"At San Quentin" is more polished while at the same time less relaxed than "Folsom". San Quentin itself is a tougher prison with more serious offenders. Johnny Cash and others who were there later said the atmosphere was unusually tense and menacing that day. Guards armed with machine guns were pacing catwalks above the prisoners. Cash had to walk a tightrope of emotions with his audience. Playing the new song "San Quentin", which he plays twice at the request of the crowd ("San Quentin, may you rot and burn in hell..."), sends the prisoners into a frenzy and Cash later noted that all he would have had to do at that point was yell "Break!
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62 of 64 people found the following review helpful By Neale Harmer on 21 Mar 2006
Format: Audio CD Verified Purchase
On January 13th 1968 Johnny Cash and his roadshow played at Folsom Prison for the fourth time. Although they had been playing at prisons for around a decade, this was the first Johnny Cash concert that his record company had recorded with a view to releasing a live album. Cash had been hassling his record company for six years until they relented and he was vindicated when the single "Folsom Prison Blues" lifted from the LP released that same year was a top ten hit and the album became his best selling record thus far. He had no trouble convincing the suits that he should follow this up with another live prison recording and his San Quentin gig recorded on February 24th 1969 was duly released that year. This went on to sell even more than the Folsom LP - helped, no doubt, by the included hit single "A Boy Named Sue". This all happened eight years before punk rock, so Cash's mainstream success with these records is surprising because this was (is) raw stuff. Personally, I mostly prefer the live versions on these albums rather than the studio recorded versions. They appeal to the ageing punk rocker in me and Cash seems to relish the freedom from the corporate recording machine and it's insistence on adding cheesy backings to his songs. The recording quality on both albums is as good as you can expect and the occasional fluffed lyric and in-between song banter only adds to the live experience. The Folsom set even has a couple of announcements made over the Tannoy letting some inmates know that they have visitors waiting! (Someone's wife had unfortunate timing - imagine: "Honey, you're making me miss an historic gig, here!").Read more ›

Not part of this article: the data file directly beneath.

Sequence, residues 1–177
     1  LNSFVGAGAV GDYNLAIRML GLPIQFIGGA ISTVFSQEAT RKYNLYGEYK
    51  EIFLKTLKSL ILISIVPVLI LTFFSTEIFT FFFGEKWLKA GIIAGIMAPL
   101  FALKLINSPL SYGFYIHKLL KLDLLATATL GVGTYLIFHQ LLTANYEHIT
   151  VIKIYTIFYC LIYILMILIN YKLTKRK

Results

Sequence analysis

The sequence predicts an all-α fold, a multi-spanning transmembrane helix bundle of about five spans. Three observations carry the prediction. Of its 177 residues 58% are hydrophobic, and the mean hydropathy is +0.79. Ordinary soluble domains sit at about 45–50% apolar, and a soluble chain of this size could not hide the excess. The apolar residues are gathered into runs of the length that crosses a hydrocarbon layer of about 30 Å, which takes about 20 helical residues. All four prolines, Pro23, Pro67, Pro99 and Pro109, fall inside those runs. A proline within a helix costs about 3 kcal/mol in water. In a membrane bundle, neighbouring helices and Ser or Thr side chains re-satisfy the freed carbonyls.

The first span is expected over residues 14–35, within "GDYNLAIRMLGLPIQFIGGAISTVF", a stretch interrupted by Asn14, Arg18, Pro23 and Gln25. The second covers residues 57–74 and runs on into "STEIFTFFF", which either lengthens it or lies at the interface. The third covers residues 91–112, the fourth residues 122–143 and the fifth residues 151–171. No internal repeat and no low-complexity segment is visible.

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28 of 29 people found the following review helpful By Greg Farefield-Rose on 29 Dec 2006
Format: Audio CD
The recent film Walk The Line tells the story. After years of pill popping and declining sales, a newly clean Johnny Cash plans his comeback. Rather than making a new record with contemporary late 60s influences as his record company wish, Johnny resolutely decides to record a live album at the notorious Folsom Prison with his classic sound. As usual, the artist is right and, aided by Cash's deep resonance with the plight of the inmates, Folsom Prison is a massive, career reviving success. A few months later a second equally successful live album from San Quentin jail is recorded and released. This brilliant package collects together the full concerts of both performances and is enhanced further by extensive liner notes.

A major theme of the songs performed at both concerts is the plight of the blue-collar man who has fallen on to the wrong side of the law, sometimes but not always under circumstances beyond his control. Not surprisingly, the prison audience relate well to such sentiments yet it is Cash's between song banter and the sense that he has been there which strike the biggest artist-audience bond. Only Bruce Springsteen and Christy Moore come close in displaying such genuine empathy with the working man.

Despite the albums being recorded only months apart, there is virtually no track overlap and highlights a plenty. The Folsom Prison LP begins appropriately enough with Folsom Prison Blues with other highpoints including the intense 25 Minutes To Go, Orange Blossom Special and a duet of the brilliant Jackson with Cash's soon to be wife June Carter. There is also welcome humour with the daft Dirty Old Egg Suckin' Dog and increasingly ridiculous metaphors of Flushed From The Bathroom Of Your Heart.